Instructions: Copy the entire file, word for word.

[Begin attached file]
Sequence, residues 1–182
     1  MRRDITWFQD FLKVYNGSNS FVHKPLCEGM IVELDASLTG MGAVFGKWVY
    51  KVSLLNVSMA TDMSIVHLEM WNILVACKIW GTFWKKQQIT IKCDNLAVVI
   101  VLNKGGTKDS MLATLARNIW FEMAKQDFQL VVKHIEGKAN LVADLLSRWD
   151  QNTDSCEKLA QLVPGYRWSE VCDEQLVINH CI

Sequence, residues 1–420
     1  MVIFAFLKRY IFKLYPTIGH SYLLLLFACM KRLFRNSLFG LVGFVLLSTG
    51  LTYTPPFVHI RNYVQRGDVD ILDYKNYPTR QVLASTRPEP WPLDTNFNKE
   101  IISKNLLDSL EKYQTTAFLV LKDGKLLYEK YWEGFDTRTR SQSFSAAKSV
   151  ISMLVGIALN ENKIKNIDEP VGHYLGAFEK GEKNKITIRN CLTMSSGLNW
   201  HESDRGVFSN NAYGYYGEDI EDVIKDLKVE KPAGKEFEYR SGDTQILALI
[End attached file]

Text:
Sequence, residues 1–182
     1  MRRDITWFQD FLKVYNGSNS FVHKPLCEGM IVELDASLTG MGAVFGKWVY
    51  KVSLLNVSMA TDMSIVHLEM WNILVACKIW GTFWKKQQIT IKCDNLAVVI
   101  VLNKGGTKDS MLATLARNIW FEMAKQDFQL VVKHIEGKAN LVADLLSRWD
   151  QNTDSCEKLA QLVPGYRWSE VCDEQLVINH CI

Sequence, residues 1–420
     1  MVIFAFLKRY IFKLYPTIGH SYLLLLFACM KRLFRNSLFG LVGFVLLSTG
    51  LTYTPPFVHI RNYVQRGDVD ILDYKNYPTR QVLASTRPEP WPLDTNFNKE
   101  IISKNLLDSL EKYQTTAFLV LKDGKLLYEK YWEGFDTRTR SQSFSAAKSV
   151  ISMLVGIALN ENKIKNIDEP VGHYLGAFEK GEKNKITIRN CLTMSSGLNW
   201  HESDRGVFSN NAYGYYGEDI EDVIKDLKVE KPAGKEFEYR SGDTQILALI